But the reason that underlies the perception that the incumbents are too popular to defeat, and the reason for the current stasis in Santa Monica politics, is that rent control is not now a hot button issue.
As I see it, this fundamental change happened because of compromises, implicit and explicit, from both sides.
For most of the anti-SMRR side, and certainly the part of that side that can win elections (i.e., the part identified with the business community as a whole, not just landlords), there was a realization years ago that rent control was not worth fighting, because it was a core issue not only for the majority of city residents who are renters but also for a substantial portion of Santa Monica's (liberal) voters who aren't.
But that realization didn't end rent control as an issue, because at the state level, anti-rent control forces managed to pass two laws, the Ellis Act, allowing property owners to exit the rental business, and Costa-Hawkins, mandating vacancy decontrol, that gave SMRR new rent control-related grounds to run on locally, since the laws either allowed landlords to evict tenants or gave them incentives to do so.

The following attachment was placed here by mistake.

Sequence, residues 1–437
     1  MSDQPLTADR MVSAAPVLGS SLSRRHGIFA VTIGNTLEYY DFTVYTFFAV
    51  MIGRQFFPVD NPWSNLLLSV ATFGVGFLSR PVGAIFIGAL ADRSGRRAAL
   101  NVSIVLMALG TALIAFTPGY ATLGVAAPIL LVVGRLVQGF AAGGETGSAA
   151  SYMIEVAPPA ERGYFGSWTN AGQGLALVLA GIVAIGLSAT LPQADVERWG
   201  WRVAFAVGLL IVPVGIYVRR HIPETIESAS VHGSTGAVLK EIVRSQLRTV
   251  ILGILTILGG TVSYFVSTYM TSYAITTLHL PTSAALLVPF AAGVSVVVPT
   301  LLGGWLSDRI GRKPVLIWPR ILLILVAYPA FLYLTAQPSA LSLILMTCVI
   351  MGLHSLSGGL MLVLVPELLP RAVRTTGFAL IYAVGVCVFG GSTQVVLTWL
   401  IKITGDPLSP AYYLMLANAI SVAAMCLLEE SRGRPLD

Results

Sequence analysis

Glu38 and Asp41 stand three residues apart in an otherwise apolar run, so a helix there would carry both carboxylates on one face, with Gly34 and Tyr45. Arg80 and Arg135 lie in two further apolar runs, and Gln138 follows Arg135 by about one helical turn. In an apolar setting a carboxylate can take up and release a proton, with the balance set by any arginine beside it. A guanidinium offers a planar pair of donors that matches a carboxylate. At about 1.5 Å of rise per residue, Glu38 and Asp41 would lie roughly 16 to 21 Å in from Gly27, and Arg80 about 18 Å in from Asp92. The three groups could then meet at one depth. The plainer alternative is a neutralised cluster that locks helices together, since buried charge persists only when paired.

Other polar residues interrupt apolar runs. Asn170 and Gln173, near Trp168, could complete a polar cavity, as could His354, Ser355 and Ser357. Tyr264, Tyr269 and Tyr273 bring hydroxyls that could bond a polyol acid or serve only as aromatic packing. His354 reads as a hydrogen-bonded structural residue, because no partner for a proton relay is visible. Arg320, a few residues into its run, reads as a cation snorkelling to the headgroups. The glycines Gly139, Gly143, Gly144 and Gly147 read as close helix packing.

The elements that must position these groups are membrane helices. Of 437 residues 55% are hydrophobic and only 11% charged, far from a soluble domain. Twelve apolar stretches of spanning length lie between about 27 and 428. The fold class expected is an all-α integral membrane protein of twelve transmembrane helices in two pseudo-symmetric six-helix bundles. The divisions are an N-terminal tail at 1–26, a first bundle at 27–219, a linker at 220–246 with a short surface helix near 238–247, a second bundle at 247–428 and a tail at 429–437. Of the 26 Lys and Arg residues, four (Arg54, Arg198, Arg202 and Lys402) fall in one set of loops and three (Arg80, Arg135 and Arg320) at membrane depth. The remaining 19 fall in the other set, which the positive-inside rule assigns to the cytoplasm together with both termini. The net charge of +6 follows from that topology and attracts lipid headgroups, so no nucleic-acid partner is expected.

Yet oddly enough, Costa-Hawkins, which became fully effective in 1999, seems to have led to the current lull. This is because SMRR has tacitly accepted Costa-Hawkins.
Of course, according to its platform "SMRR will work for repeal [of Costa-Hawkins] or an amendment to limit the amount of rent-increase upon vacancy." Such efforts would be futile now, with a Republican governor, but the important fact is that SMRR and its allies made no serious efforts to repeal Costa-Hawkins in the years early in this decade when a Democrat, Gray Davis, was governor and the Democrats controlled the legislature.
SMRR used the fear of eviction in city council campaigning after passage of Costa-Hawkins and beefed up anti-harassment laws to protect tenants from eviction, but the non-SMRR council members did not oppose these laws.
SMRR may have simply concluded that it could not win a battle in Sacramento to repeal Costa-Hawkins, but SMRR also had a positive reason to back off: vacancy decontrol has the beneficial effect of reducing the motivation for landlords to use the Ellis Act to exit the rental business. Fighting condo conversions has always been as integral a part of SMRR's program as keeping rents down.
So where are we in the post-rent control politics era? One of the more important changes that Capek and Gilderbloom identified in their book as having occurred in Santa Monica because of the rise of SMRR was the empowerment of residents -- renters -- who in the normal course of American politics did not play a political role. This has been a lasting change in Santa Monica politics, resulting in a change the role of local government.